A fairly conventional musical, Dancing Pirate is definitely a product of its time and rather tame entertainment. However, there’s something undeniably enjoyable about its goofy premise.

Video

The Film Detective label issues one of the earliest Technicolor films in surprisingly great quality with a few caveats. This is fine work, some of their best efforts yet, salvaging possibly the only existing 35MM film elements from legendary collector Wade Williams in a fresh 4K scan. It’s not flawless video by any stretch but eminently watchable given Dancing Pirate’s rarity in this condition.

The 1936 musical was only available for decades in damaged black-and-white prints. Originally filmed in three-strip Technicolor by Pioneer Pictures, we get a well-saturated and sharp 1.37:1 presentation given the movie’s age. No, the elements are not in perfect condition.

The extant print has serviceable clarity and definition, revealing minor registration errors and a few abnormalities due to wear. Colors are perky and more vibrant than expected. Black levels are fairly nice and inky outside of a few problematic scenes. The decent contrast is largely stable and consistent.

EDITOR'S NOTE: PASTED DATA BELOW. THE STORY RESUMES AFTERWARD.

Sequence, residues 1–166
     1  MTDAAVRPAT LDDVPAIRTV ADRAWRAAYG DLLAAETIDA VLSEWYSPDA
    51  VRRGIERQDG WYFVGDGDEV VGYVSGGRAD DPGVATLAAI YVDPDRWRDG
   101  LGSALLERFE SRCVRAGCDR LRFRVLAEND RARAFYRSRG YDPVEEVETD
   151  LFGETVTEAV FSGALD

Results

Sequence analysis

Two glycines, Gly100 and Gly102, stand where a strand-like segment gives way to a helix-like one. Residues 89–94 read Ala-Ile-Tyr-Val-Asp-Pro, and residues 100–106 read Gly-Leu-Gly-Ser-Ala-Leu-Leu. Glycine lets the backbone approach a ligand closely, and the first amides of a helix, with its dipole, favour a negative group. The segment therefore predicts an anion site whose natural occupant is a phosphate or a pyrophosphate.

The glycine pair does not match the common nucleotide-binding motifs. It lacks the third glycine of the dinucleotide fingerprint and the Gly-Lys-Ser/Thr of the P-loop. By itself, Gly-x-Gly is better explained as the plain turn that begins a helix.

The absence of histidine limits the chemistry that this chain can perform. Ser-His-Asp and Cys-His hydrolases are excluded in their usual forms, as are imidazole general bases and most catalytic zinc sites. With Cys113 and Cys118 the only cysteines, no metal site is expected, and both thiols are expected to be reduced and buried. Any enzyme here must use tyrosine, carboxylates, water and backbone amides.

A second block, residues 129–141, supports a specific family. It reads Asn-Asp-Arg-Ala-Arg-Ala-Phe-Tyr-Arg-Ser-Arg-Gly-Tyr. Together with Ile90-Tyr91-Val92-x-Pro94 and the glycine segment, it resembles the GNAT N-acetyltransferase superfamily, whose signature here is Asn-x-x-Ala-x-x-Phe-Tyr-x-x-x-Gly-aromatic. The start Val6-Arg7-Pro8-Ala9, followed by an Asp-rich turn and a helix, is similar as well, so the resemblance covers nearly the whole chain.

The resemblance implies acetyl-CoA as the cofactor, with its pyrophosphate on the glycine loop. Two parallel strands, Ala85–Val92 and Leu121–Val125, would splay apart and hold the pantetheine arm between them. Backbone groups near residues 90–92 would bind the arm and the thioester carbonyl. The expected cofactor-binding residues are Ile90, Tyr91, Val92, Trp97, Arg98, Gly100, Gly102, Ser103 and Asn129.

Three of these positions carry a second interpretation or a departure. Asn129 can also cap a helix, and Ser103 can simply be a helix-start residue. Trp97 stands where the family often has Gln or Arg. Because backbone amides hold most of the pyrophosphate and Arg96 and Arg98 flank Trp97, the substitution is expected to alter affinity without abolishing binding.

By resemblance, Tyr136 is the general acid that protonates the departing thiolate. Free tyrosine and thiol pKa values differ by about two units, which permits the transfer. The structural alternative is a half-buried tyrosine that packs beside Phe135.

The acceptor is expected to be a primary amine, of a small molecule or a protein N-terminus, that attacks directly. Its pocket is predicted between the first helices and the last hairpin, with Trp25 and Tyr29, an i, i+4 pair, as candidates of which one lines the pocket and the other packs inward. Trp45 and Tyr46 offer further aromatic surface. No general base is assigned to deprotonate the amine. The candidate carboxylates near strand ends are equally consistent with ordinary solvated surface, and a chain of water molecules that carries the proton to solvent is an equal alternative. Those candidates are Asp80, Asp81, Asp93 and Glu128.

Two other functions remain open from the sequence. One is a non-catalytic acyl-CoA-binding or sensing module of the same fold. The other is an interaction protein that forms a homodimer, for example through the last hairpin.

The AVC encode is completely transparent, smoothly capturing the unfiltered texture and grain structure. Dancing Pirate runs 78 minutes on a BD-25 with fine parameters.

You can’t ask for much more than a highly transparent, unfiltered 4K scan of an early Technicolor film like this disc. The 1080p video looks better than expected and boasts rather nice picture quality all things considered.

Audio

The film’s mono soundtrack arrives in sufficient 2.0 DTS-HD MA, given the audio’s age. Both the songs and accompanying orchestral score have their sonic limitations. The highs are mildly attenuated and louder peaks produce distortion. It’s a brassy, strained sound with underlying hiss and thin bass. Dialogue is adequately reproduced without issue.

Optional English SDH and Spanish subtitles play in a white font.

Extras